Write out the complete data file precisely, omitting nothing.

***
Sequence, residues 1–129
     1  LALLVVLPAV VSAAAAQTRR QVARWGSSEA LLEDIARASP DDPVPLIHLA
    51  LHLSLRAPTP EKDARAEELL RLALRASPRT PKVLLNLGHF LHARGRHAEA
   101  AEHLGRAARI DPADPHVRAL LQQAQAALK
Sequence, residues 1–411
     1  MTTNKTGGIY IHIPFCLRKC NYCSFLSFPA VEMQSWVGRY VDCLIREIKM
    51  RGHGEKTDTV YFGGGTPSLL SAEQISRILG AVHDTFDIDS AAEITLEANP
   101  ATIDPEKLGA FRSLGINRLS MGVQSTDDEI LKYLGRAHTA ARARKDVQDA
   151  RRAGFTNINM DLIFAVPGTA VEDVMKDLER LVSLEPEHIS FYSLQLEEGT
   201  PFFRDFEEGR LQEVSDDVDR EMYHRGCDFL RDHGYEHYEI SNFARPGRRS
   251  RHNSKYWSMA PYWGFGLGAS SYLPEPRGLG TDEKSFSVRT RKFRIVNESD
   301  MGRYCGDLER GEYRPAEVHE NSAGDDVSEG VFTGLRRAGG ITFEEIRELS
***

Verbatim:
Sequence, residues 1–129
     1  LALLVVLPAV VSAAAAQTRR QVARWGSSEA LLEDIARASP DDPVPLIHLA
    51  LHLSLRAPTP EKDARAEELL RLALRASPRT PKVLLNLGHF LHARGRHAEA
   101  AEHLGRAARI DPADPHVRAL LQQAQAALK
Sequence, residues 1–411
     1  MTTNKTGGIY IHIPFCLRKC NYCSFLSFPA VEMQSWVGRY VDCLIREIKM
    51  RGHGEKTDTV YFGGGTPSLL SAEQISRILG AVHDTFDIDS AAEITLEANP
   101  ATIDPEKLGA FRSLGINRLS MGVQSTDDEI LKYLGRAHTA ARARKDVQDA
   151  RRAGFTNINM DLIFAVPGTA VEDVMKDLER LVSLEPEHIS FYSLQLEEGT
   201  PFFRDFEEGR LQEVSDDVDR EMYHRGCDFL RDHGYEHYEI SNFARPGRRS
   251  RHNSKYWSMA PYWGFGLGAS SYLPEPRGLG TDEKSFSVRT RKFRIVNESD
   301  MGRYCGDLER GEYRPAEVHE NSAGDDVSEG VFTGLRRAGG ITFEEIRELS